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Multilevel Modeling

5. Desiderata for Multilevel Research

Some core concepts are intrinsic to adopting a multilevel perspective and are discussed in this section, including:

  • Contextual and Compositional Sources of Variation;
  • Contextual Heterogeneity;
  • Individual Heterogeneity;
  • Individual/Contextual Interaction;
  • Multiple Hierarchical Contexts;
  • Changing People/ Changing Places;
  • Interrelated Outcomes; and
  • Overlapping Contexts.

Contextual and compositional sources of variation Evidence for variations in poor health between different settings or contexts can be due to factors that are intrinsic to, and are measured at, the contextual level. In other words, the variation can be due to what can be described as contextual, area, or ecological effects. Alternatively, variations between places may be compositional, i.e., certain types of people who are more likely to be in poor health due to their individual characteristics happen to live in the same places.

The Research Question here is not whether variations between different settings exist (they usually do), but what is their source, i.e., are the variations across places compositional or contextual?

The notions of contextual and compositional sources of variation have general relevance and they are applicable whether the context is administrative (e.g., political boundaries), temporal (e.g., different time periods), or institutional (e.g., schools or hospitals). The research question focused on this core concept would be: are there significant contextual differences in health between settings (such as neighborhoods), after taking into account the individual compositional characteristic of the neighborhood?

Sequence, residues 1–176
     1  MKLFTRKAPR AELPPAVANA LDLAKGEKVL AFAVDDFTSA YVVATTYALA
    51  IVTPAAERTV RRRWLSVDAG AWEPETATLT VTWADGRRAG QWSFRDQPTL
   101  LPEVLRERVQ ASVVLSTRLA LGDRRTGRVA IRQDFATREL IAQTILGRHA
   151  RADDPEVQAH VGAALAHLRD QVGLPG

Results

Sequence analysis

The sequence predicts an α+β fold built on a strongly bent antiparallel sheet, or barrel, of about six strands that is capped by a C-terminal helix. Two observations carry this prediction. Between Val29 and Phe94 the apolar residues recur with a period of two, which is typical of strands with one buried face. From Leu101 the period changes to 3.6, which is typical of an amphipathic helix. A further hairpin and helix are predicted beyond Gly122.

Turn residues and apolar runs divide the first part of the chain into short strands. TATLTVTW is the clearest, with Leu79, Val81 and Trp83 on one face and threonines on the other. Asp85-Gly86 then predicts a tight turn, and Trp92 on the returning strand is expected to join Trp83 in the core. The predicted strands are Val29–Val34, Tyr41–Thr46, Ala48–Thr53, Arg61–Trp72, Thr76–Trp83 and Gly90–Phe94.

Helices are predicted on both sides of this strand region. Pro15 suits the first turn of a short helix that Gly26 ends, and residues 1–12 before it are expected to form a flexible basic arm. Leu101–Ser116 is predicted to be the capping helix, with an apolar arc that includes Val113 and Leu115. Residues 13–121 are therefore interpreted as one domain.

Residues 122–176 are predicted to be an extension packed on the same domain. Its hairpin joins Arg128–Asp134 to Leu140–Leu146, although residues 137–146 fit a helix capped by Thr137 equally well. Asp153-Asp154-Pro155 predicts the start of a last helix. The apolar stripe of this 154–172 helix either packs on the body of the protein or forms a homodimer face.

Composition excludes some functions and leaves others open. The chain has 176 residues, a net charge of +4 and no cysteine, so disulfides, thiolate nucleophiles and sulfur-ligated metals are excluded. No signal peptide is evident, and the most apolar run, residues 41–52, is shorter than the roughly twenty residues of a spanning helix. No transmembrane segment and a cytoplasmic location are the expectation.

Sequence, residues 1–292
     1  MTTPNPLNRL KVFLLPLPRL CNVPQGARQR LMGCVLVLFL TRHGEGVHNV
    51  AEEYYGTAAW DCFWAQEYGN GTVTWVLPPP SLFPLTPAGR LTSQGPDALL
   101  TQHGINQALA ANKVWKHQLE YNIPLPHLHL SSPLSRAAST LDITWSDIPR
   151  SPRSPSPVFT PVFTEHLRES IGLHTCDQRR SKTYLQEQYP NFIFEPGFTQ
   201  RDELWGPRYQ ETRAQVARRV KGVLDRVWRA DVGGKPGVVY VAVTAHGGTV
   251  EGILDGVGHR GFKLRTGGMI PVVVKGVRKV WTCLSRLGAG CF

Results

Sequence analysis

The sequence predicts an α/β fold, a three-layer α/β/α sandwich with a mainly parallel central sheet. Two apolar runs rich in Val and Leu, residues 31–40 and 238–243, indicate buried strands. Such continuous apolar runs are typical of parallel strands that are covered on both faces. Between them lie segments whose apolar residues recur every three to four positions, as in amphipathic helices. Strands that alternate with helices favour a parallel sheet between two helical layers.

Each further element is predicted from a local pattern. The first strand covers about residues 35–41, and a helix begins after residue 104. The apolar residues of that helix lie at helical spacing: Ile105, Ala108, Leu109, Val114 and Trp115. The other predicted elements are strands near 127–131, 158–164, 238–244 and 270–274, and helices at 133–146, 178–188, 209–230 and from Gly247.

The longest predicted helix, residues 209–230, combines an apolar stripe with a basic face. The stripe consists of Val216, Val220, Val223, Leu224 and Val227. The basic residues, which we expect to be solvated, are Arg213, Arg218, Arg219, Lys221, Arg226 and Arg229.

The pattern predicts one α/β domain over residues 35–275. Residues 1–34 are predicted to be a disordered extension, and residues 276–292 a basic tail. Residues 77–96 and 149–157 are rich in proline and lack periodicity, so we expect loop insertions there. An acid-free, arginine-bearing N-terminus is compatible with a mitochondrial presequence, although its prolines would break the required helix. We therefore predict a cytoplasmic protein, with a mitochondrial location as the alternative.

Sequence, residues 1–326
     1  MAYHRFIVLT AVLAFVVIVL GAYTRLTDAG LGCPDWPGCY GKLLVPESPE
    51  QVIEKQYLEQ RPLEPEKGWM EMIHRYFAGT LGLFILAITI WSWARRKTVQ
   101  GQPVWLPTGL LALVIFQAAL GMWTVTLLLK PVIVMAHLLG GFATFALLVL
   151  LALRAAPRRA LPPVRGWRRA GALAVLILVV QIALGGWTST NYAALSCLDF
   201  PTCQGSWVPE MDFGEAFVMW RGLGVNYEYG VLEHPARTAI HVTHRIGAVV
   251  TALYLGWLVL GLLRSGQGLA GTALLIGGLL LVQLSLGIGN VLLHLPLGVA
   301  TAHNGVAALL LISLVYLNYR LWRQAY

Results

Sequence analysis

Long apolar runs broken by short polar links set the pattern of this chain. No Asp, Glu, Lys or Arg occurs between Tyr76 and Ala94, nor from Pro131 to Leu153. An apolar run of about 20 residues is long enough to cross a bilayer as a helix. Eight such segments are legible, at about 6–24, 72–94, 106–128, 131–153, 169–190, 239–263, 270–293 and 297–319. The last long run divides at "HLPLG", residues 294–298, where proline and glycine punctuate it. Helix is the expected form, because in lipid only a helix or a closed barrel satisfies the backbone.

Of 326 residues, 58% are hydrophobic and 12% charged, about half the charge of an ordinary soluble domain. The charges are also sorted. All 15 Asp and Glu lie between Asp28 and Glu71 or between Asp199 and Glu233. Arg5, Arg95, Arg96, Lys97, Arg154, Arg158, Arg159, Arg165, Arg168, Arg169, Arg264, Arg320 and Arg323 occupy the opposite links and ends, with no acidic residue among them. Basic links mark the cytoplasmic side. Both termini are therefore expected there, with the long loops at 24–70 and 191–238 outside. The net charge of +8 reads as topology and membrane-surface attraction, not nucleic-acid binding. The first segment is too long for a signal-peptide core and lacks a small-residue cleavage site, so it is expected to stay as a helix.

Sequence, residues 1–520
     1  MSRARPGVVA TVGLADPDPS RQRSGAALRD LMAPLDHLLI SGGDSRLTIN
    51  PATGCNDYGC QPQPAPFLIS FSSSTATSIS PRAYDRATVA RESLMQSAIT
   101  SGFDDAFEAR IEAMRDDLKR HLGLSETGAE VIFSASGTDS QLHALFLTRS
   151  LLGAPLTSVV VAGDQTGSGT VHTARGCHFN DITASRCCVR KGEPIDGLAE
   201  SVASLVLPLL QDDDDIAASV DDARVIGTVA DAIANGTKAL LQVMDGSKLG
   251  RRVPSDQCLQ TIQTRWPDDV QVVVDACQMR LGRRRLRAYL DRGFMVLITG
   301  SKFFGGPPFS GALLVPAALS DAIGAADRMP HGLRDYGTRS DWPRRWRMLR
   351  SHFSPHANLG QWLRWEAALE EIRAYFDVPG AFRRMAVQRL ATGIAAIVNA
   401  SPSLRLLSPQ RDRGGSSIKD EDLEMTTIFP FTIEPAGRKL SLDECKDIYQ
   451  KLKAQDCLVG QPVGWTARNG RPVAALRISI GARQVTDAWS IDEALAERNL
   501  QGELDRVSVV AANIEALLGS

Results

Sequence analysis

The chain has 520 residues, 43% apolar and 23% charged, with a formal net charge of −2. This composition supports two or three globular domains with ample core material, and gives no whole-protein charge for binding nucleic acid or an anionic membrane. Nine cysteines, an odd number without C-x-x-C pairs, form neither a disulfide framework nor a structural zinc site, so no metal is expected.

Contextual heterogeneity

Beyond disentangling the contextual and compositional sources of variation, contextual differences may be complex such that it may not be the same for all types of people. For example, while neighborhood contexts may matter for the health outcomes of one population group (e.g., low social class), it may not have any influence upon the health status of other groups (e.g., high social class).

The Research Question in this case is: are the contextual neighborhood differences in poor health different for different types of population groups?

Individual heterogeneity

Within particular contexts, one group’s health experience may be more or less variable than the other, over and above the average differences. For example, people of low social class, in addition to being contextually heterogeneous, may experience more variability compared to other groups.

The Research Question is: are individual differences in poor health different for different types of population groups?

Individual/contextual interaction

Contextual differences, in addition to people’s characteristics, may also be influenced by the different characteristics of neighborhoods. Stated differently, individual differences may interact with context. For example, poor people (individual characteristic) may experience different levels of health depending upon the poverty levels (place characteristic) of the area in which they live.

The Research Question of interest is: what is the average relationship between individual poor health and neighborhood-level socioeconomic characteristics, and does the effect of neighborhood-level socioeconomic characteristics on individual health differ for different types of individuals based on their demographic and socioeconomic characteristics?